A Florida Validation Study of the Standardized Field Sobriety Test (S.F.S.T.) Battery
This research project was prepared for the State Safety Office, Department of Transportation, State of Florida in cooperation with the National Highway Traffic Safety Administration, U.S. Department of Transportation and/or Federal Highway (under project number AL-97-05-14-01). The conclusions and opinions expressed in these reports are those of the subgrantee and do not necessarily represent those of the State of Florida, Department of Transportation, State Safety Office, the U.S. Department of Transportation or any other agency of the State or Federal Government
Institute of Police Technology and Management
University of North Florida
Director Russell Arend, Contractor
Pinellas County Sheriff’s Office
Sergeant Teresa R. Dioquino, Project Manager
Southern California Research Institute
Marcelline Burns, Ph.D. Investigator
Dary Fiorentino, M.A. Graphics Consultant
Theresa Brown Senior Data Processor
Shana Gguyen Data Processor
Cindy Seymour Data Processor
During the years 1975 – 1981, a battery of field sobriety tests was developed under funding by the National Highway Traffic Safety Administration (NHTSA), U.S. Department of Transportation (Bums and Moskowitz, 1977; Tharp Burns, and Moskowitz, 1981). The tests include Walk-and-Turn (WAT), One-Leg Stand (OLS), and Horizontal Gaze Nystagmus (HGN). NHTSA subsequently developed a training curriculum for the three-test battery , and initiated training programs nationwide. Traffic officers in all 50 states now have been trained to administer the Standardized Field Sobriety Tests (SFST’s) to individuals suspected of impaired driving and to score their performance of the tests.
At the time the SFST’s were developed , the statutory blood alcohol concentration (BAC) for driving was 0.10% throughout the United States. The limit now has been lowered in a number of states to 0.08% for the general driving population. “Zero tolerance” is in effect in some jurisdictions for drivers under age 21, and commercial drivers risk losing their licenses at a BAC of 0.04%. It is likely that additional states will enact stricter statutory limits for driving. In light of these changes, a re-examination of the battery was undertaken by McKnight eta!. (1995). They reported that the test battery is valid for detection of low BAC’s and that no other measures or observations offer greater validity for BAC’s of 0.08% and higher.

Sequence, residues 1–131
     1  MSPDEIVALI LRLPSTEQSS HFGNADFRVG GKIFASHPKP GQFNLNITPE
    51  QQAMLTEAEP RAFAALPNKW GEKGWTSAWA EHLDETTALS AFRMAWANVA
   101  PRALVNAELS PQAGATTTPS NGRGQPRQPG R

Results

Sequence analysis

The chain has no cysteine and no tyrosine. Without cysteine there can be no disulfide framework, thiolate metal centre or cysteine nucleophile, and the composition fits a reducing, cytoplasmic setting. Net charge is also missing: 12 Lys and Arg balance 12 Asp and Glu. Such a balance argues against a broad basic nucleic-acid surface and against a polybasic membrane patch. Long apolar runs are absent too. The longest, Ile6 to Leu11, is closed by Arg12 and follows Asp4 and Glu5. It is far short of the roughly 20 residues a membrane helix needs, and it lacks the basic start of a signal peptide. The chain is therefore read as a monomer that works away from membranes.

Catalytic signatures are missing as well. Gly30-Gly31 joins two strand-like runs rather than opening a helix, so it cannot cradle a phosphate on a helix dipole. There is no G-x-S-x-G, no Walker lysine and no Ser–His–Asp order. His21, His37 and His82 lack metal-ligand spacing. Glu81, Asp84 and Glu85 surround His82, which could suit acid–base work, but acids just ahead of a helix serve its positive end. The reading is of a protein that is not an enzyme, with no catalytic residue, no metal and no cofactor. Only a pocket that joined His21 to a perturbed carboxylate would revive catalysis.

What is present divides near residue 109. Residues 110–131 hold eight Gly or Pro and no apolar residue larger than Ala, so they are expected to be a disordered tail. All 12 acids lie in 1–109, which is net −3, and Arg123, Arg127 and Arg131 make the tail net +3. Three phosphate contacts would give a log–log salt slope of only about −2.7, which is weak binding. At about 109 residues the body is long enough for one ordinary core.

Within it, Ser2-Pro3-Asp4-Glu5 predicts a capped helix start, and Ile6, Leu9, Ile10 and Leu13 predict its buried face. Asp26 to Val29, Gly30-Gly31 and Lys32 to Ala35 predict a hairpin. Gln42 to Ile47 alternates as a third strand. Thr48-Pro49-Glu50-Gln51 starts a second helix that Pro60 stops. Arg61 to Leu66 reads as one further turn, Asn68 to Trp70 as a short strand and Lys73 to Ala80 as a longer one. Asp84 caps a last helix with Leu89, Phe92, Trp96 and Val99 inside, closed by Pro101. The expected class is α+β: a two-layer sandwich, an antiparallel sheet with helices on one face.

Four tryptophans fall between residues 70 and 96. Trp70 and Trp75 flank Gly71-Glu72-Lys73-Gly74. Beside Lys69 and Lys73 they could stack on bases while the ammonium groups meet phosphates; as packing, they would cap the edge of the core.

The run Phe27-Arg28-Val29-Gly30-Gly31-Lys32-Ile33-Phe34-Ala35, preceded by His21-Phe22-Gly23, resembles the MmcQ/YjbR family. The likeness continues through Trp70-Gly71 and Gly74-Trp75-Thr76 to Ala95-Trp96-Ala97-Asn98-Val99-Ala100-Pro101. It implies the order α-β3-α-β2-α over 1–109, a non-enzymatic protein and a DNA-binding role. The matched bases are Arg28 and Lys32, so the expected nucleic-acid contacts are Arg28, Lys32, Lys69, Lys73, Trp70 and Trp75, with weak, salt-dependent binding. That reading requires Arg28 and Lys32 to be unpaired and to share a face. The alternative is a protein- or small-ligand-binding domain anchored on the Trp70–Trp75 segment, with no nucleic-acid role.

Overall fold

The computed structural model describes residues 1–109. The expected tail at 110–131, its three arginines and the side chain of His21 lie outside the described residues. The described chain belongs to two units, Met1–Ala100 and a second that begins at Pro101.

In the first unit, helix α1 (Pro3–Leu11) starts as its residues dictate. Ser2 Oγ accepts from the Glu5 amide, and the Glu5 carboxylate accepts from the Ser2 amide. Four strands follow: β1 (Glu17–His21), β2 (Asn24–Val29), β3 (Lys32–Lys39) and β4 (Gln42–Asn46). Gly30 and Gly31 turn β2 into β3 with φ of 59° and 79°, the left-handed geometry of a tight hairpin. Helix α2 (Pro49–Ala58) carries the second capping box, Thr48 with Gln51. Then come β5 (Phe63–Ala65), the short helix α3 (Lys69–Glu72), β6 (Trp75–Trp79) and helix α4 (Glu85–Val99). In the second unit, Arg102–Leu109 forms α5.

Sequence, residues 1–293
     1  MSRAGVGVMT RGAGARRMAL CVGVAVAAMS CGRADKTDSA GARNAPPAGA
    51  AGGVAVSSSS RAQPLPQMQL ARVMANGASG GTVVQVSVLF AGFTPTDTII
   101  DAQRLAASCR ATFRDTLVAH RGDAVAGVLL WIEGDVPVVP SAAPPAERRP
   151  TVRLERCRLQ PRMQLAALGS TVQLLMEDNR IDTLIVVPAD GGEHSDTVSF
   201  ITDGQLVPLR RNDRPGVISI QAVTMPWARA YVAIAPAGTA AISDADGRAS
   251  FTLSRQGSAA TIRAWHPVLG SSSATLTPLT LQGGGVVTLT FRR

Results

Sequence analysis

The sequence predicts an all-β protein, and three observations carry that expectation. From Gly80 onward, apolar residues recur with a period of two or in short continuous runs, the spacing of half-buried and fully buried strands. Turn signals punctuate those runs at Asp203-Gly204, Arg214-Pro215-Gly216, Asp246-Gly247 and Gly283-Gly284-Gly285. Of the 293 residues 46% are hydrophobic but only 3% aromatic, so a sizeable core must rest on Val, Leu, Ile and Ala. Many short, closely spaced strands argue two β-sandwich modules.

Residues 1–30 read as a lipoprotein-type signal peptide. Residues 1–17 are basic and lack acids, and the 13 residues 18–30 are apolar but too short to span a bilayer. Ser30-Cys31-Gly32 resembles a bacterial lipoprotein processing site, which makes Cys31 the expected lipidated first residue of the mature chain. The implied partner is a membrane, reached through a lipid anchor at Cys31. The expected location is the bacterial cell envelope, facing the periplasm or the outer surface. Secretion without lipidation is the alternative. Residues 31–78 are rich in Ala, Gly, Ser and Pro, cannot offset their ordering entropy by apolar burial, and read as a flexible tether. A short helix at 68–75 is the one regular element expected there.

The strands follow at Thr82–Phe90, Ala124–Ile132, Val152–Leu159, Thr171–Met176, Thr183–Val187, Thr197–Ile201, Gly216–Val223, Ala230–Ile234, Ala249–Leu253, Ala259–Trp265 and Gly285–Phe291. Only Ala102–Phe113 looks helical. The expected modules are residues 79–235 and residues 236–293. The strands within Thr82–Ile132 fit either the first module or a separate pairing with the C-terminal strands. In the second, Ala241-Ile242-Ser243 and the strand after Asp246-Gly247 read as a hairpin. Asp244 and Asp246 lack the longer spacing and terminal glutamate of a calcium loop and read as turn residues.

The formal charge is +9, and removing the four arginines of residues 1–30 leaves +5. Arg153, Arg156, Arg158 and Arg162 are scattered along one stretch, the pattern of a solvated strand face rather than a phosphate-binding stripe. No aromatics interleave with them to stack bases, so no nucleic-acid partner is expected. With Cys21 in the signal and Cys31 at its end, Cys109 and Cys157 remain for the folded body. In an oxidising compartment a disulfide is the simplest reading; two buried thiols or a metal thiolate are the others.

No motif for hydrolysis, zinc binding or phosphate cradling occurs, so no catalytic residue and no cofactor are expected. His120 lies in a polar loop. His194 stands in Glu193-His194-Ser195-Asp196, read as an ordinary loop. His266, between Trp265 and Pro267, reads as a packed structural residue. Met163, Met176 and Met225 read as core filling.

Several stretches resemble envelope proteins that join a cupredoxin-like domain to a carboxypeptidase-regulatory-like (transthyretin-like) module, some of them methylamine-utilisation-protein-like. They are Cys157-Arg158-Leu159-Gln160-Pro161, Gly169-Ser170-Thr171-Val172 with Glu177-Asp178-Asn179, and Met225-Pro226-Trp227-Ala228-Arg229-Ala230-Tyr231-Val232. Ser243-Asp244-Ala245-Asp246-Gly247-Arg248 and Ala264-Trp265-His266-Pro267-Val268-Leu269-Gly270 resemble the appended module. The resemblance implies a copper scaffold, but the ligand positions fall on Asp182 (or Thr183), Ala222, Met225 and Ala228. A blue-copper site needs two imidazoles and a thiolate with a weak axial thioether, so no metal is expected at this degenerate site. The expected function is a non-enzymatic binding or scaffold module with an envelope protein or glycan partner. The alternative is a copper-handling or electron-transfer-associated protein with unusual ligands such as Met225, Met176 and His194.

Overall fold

The three tests have been incorporated into Drug Influence Evaluations (DIE’s) which are conducted by certified Drug Recognition Experts (DRE’s) whenever an individual is suspected of being drug-impaired. As part of a DRE evaluation, the SFST’s provide important evidence of drug impairment and contribute to the DRE’s three-part opinion:
- Is the individual impaired by a drug or drugs?
- If yes, is the impairment drug-related?
- If yes, what category or categories of drug account for the impairment?
A study was conducted in Colorado to examine the validity of the SFST’s when used by experienced officers in the field (Burns and Anderson, 1995). The design of the study insured that roadside testing was limited to the three-test battery, and that officers’ decisions were not influenced either by the driver’s performance of other behavioral tests or by measurement of BAC with a preliminary breath tester (PBT). The obtained data demonstrated that more than 90% of the officers’ decisions to arrest drivers were confirmed by analysis of breath and blood specimens.
A recently reported NHTSA funded study was conducted by Anacapa Sciences, Inc. in collaboration with the San Diego Police Department to examine the validity of the SFST’s for both 0.08% and 0.04% (Stuster and Bums, 1997). Officers’ estimates of whether a driver’s BAC was above or below 0.08% or 0.04% were found to be more than 90% correct.
The Colorado and California studies provide relevant and current field data. The validity of the tests when they are administered in the context of drug evaluations was examined in a retrospective analysis of the records of the Phoenix DRE Unit (Adler and Burns, 1994). It was found that a suspect’s performance of the tests provides valid cues of drug impairment. The study reported here was conducted in collaboration with the Pinellas County Sheriffs Office (PCSO) and expands the examination of the SFST’s to the State of Florida. An overview of PCSO and the demographics for Pinellas County can be found in Appendix I
II. STUDY BACKGROUND AND RATIONALE